Almost 500 students at China’s premier college for broadcast journalists have been sent to a quarantine center after a handful of COVID-19 cases were detected in their dormitory.
The 488 students at Communication University of China, along with 19 teachers and five assistants, were transferred by bus beginning on Friday night.
Quarantining anyone considered to have been in contact with someone who tested positive for the virus has been a pillar of China’s “zero COVID-19” policy. The quarantine centers include field hospitals, as well as converted stadiums and exhibition centers that have been criticized for overcrowding, poor sanitation and spoiled food.
As of last week, about 65 million Chinese residents were under lockdown, despite just 1,248 new cases of domestic transmission being reported yesterday. Most of those were asymptomatic.
The lockdowns have sparked protests online and confrontations with health workers and police, and have exacted a major toll on the economy, affecting global supply chains for electronics and other products.
The weeks-long lockdown in China’s biggest city of Shanghai over the summer prompted an exodus of migrant workers and foreign businesspeople, the repercussions of which have yet to be felt.
In Hong Kong, stringent COVID-19 curbs have long made life for school students extremely hard. Now, a new rule requiring higher vaccination levels could upend what progress has been made toward resuming full-day in-person classes.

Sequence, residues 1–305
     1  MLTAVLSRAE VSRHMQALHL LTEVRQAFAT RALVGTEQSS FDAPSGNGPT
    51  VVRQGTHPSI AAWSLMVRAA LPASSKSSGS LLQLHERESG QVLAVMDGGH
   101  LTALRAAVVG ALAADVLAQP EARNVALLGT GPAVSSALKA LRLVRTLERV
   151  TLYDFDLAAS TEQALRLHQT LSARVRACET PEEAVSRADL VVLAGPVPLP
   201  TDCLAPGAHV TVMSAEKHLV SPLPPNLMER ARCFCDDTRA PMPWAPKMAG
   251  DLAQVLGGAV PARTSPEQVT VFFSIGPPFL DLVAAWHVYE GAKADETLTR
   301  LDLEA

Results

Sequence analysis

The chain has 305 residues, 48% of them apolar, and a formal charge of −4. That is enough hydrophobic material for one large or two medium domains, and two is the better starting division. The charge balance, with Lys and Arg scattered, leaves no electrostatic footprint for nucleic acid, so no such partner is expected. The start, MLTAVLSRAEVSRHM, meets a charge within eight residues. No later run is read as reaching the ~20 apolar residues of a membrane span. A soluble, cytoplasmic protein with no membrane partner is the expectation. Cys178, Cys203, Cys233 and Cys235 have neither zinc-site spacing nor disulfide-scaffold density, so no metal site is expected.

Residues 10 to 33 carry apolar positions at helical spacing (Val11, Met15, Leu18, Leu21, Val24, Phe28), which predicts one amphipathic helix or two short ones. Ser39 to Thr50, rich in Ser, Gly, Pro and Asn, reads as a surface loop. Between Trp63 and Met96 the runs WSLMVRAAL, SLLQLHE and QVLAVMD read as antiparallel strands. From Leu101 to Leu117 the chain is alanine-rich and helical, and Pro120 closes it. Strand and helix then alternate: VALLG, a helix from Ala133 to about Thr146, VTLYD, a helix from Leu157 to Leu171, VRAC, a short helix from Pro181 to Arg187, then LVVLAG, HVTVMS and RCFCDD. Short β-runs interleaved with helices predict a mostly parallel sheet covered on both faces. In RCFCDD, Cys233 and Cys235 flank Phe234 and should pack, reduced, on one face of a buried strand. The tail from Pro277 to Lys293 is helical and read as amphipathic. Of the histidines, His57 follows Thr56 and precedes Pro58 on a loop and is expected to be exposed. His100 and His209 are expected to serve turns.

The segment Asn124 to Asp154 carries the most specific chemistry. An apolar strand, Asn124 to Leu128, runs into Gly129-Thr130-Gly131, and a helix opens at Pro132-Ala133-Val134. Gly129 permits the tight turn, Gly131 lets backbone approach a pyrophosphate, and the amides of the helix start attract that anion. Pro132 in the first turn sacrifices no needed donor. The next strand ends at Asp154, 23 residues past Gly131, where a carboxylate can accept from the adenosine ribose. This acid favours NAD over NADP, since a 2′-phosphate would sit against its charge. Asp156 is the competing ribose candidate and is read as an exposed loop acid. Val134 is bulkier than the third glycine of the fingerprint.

Further delays to normal school life are likely to exacerbate youth mental health problems as well as give more people reason to leave the territory, further undermining its status as an Asian financial hub, educators and business leaders said.
“There is so much uncertainty over whether classes are going to be canceled, can the kids go to school? The school uncertainty is definitely helping to drive people away and it makes it hard to attract people to Hong Kong,” Australian Chamber of Commerce in Hong Kong Chairman Robert Quinlivan said.
About 30,000 students withdrew from Hong Kong schools in the past academic year and more than 5,000 teachers resigned, government data showed.
Many are part of an exodus kick-started by Beijing’s efforts to exert greater control over the territory and which has been further fueled by COVID-19 curbs.
Additional reporting by Reuters
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